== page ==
“They usually occur in marshy zones along lakes or streams; and such a zone is always sharply defined by dry land on one side and water on the other.”
Handbook of Nature Study, page 502
We did a little research about cattails in California and were interested to find out that it is considered an “invasive weed”. I can see where it might be trouble in irrigation ditches but it is hard for us to put the cattail into the invasive weed category. They are so green and pretty in the summer and they provide such a great habitat for the red-wing blackbirds and other animals as well.
If you remember from the spring we were a little worried that our cattail patch, wondering if it would recover from some pruning that the neighbor did to clear out their ditch. Well, we returned in July to check things out.
Our patch has grown back! The ground was nice and damp which was perfect for getting those cattails going again and the green leaves were sprouting up everywhere. We were so encouraged.
Here is the actual cattail part that is usually brown but it is still green in July. The shape is there but it is not the brown cigar-shaped flower head that we are accustomed to.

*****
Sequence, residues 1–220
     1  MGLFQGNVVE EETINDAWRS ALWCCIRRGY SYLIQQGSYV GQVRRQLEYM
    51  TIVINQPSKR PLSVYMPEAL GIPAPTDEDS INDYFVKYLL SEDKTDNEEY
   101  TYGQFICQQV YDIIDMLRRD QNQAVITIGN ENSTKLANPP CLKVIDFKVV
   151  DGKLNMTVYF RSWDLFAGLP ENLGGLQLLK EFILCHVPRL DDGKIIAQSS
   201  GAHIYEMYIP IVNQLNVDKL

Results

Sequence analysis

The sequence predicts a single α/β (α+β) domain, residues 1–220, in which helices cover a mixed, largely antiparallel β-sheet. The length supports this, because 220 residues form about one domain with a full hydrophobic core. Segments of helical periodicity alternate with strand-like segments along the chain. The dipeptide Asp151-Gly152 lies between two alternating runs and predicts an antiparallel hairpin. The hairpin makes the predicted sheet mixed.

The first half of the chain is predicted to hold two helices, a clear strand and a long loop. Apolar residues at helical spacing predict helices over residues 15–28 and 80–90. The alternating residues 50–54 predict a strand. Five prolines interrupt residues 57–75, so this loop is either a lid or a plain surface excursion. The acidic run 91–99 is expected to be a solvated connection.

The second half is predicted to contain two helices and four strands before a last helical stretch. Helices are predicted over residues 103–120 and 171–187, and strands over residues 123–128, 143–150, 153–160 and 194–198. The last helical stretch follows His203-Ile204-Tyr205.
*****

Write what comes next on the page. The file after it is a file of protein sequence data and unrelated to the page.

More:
As part of the August Newsletter challenge, we returned again to our cattail patch and took a look at what had changed since spring and since last month. We were in for a surprise!
The county has dug up the creek just above our patch of cattails and has rerouted the water into a pipe. Now it appears that unless there is a spring for our cattails that they might be doomed without water.
“These flowers may be studied in the schoolroom with suggestions for field observations. A lens is almost necessary for the study of most of these flowers.”
Handbook of Nature Study, page 503.
Here are some other interesting things we saw on our walk.
I look forward to seeing some of your pond studies or any other nature studies you have completed this month. Make sure to submit your entries to the Outdoor Hour Challenge Blog Carnival. You can submit your entries by following this LINK.